Valentine is coming. 'Tis the season to be romantic' and roll out special moments for our significant others. With the razzmatazz around the day, we have taken time to ponder on something close to home – what does romance mean to Africans?
Of course, everyone wants to be loved and seen but these are expressed differently according to conditions of culture and environment. There are peculiarities in the African society and cultural subsets that have influenced the way love and romance is viewed away from the European context.
It is natural to see a European lay out rose petals or make a number of obviously romantic overtures. Public Displays of Affection (PDA) are no big deal and children are kinda used to seeing parents hug or affectionately hold hands. In some African societies, globalisation has helped integrate parts of this culture but it is still not the norm. There are ways Africans show love and it is mostly through acts of service.
Children might never see their parents hug and when they do, it might be brief and very chaste but they can obviously tell that the two people are intentional about making sacrifices to be together. They see the tangible services and items that are brought on the table.
Romance, in the African context, is tangible and mostly stems from roles. As long as the man or woman is performing their specific duties without complaints and with a good attitude, there is no greater love. Apologies are made through gift giving for the men and preparation of special delicacies for the women.
Love and romance are expressed through things people can touch or see and not through words or overtly romantic gestures. A bulk of it is sacrificial and it is in the frequency of the sacrifice, on both ends, that one can infer how much love the other holds in the partnership.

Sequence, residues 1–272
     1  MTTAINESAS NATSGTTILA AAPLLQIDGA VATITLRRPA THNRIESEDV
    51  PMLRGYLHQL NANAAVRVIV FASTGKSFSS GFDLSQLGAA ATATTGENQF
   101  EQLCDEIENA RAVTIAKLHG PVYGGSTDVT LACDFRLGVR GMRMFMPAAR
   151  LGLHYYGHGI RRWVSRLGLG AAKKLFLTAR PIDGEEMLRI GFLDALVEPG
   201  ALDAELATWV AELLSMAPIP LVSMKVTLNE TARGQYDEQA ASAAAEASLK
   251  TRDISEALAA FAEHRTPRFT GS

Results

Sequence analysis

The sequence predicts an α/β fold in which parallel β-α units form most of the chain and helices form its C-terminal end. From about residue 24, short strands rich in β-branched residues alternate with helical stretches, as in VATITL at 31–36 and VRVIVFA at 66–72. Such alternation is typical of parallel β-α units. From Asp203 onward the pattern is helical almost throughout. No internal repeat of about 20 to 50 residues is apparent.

A lot of the time, married Africans refrain from publicly showing affection that holds sexual undertones. The issue of sex in some societies is seen as sacred and highly personal, so people generally avoid PDA as a way to keep their romance private.
When it comes to addressing the issue of love and romance, there is a high tendency to compare with the European way and judge the potency of love through the lens of Eurocentric views. Because of this, it is hard for some people to appreciate the practicality of how romance works in African societies. True, everyone wants cheesy things sometimes but tangible things are equally important. So, like always, whether African or European, balance can never go out of style.
In the end, it is the intention that counts but one must make conscious efforts to love others the way they would like to be loved. Intention is implicit but explicit actions get bonus points. Learn their love languages and do your best.
Having said all that, the communal feeling of love on Valentine's Day is like no other on the bustling streets of Lagos, Accra or on the leafy promenades of Abuja. A beautiful chorus of "Happy Valentine", by all and sundry rings through the air. It's a way of saying we appreciate you, you count, you mean something to us and it's a beautiful collective celebration of love.